She got married to Grandfather Daniel after the Great Fire. They were already married when I was born, because I remember they left me with them when I was one year old, and that they got married before my uncle and before my father. I think that my father was already married in 1920.
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I remember the house where they lived after I was born. It was on Koromila Street at the fourth stop of the tram. They were renting it from an Armenian. It was quite a nice house. At the beginning, before the Great Fire [5], everyone lived down in the center of the city.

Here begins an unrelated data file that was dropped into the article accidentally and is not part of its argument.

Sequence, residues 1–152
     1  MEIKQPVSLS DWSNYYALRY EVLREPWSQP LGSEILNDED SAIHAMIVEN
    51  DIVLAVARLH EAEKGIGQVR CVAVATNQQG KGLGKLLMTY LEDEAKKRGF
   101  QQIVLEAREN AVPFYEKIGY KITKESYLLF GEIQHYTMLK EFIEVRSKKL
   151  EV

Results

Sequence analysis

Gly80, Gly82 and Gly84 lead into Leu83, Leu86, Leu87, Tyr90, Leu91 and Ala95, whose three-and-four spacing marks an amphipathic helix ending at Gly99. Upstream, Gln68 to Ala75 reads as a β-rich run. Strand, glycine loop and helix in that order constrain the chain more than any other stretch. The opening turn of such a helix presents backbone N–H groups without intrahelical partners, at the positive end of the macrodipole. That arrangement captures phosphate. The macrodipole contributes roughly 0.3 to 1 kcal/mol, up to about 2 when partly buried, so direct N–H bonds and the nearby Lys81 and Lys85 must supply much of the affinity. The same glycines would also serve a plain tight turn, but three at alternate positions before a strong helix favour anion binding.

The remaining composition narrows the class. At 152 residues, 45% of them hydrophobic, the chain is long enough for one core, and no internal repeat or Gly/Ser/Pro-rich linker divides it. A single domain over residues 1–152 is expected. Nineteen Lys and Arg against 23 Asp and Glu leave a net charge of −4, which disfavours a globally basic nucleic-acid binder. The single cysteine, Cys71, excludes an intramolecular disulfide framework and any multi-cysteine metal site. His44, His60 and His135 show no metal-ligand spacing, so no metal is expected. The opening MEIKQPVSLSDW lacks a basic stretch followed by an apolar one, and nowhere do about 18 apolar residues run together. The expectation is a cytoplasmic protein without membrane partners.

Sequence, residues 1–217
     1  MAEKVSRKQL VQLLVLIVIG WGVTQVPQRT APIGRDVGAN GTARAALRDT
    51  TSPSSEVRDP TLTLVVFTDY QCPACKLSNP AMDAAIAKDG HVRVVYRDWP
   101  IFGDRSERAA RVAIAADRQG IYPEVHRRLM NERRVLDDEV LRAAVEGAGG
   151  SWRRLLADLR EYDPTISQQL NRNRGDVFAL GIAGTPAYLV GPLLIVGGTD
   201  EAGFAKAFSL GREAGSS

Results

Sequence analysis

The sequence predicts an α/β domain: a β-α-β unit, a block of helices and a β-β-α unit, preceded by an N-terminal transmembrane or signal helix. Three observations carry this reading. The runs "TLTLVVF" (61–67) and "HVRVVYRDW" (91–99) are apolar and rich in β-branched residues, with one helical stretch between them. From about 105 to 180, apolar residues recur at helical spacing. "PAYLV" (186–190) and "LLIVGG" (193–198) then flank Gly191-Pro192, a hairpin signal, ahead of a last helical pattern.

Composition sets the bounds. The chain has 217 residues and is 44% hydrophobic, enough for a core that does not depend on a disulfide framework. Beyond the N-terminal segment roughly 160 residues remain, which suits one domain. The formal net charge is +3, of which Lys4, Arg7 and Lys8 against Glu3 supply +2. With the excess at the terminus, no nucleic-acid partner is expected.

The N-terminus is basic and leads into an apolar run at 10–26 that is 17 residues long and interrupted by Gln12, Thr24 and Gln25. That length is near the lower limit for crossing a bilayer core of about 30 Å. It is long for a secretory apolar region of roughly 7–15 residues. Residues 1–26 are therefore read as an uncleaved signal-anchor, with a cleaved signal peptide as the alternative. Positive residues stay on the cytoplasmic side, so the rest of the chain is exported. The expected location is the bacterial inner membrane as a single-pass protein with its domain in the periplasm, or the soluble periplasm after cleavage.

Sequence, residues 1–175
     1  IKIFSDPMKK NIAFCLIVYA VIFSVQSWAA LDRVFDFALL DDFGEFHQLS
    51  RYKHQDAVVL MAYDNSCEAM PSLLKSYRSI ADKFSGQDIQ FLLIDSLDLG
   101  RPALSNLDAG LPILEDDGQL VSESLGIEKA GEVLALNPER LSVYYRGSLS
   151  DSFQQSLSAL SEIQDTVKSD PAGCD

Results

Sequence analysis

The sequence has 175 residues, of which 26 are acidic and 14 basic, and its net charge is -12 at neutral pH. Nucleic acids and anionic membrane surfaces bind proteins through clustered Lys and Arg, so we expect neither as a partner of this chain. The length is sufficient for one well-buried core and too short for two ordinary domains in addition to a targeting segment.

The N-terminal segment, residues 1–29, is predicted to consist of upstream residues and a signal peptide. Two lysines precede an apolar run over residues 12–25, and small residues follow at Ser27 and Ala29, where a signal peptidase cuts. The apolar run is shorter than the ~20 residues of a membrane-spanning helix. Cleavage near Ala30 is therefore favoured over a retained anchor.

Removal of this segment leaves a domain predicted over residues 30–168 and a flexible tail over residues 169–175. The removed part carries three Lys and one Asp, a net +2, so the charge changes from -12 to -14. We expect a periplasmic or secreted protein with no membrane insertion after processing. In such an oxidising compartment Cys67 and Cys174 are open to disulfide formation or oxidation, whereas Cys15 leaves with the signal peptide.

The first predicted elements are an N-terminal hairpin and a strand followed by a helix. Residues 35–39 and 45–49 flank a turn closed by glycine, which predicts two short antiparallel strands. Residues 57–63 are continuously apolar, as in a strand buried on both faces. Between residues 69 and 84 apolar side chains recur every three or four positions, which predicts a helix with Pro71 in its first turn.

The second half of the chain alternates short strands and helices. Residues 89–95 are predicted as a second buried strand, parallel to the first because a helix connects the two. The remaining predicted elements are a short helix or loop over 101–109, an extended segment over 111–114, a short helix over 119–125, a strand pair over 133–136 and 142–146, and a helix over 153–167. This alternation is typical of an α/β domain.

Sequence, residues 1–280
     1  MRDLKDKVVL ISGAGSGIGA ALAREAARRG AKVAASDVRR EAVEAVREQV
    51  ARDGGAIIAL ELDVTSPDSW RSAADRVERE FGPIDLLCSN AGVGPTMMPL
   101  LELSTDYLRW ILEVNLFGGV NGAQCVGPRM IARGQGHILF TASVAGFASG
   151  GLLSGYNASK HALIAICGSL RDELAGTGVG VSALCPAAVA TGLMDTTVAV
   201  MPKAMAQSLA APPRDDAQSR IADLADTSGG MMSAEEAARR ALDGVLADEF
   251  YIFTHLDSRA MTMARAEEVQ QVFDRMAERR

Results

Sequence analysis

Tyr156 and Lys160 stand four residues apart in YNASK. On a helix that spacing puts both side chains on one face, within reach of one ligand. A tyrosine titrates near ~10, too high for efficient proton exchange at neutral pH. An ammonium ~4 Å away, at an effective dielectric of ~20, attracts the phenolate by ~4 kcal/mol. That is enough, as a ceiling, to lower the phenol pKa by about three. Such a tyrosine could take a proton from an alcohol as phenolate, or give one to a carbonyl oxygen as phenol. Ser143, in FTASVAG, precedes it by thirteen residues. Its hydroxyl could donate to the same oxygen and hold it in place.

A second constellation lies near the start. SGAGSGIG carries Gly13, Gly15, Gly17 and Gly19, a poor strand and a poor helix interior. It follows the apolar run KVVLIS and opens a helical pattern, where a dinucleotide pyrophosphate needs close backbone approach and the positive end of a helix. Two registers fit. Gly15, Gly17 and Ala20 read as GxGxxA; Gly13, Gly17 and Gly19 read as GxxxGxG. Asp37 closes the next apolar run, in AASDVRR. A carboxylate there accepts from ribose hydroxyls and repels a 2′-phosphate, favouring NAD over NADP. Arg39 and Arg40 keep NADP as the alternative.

The Jews were the ones that suffered most from the fire because the area where they were living, from the White Tower [6] all the way to the city center, burned down. My grandmother and grandfather lived much better after the fire, even though it took them a few years to recover.

They used to tell many stories about the fire. First of all, in the way they would keep track of time: they would say, 'two years after the Fire,', or, 'three years before the Fire'. We say B.C. and A.D., back then it was before or after the fire. They regarded the fire as a starting point, or a turning point, because the whole city of Thessaloniki got ruined.

They all gathered in the houses of the few families that lived in an area that wasn't burned. If someone, let's say, had a house with four rooms, the relatives would come and he would put one family in each room. You can imagine how this was, and under what circumstances they had to live.
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Lily Arouch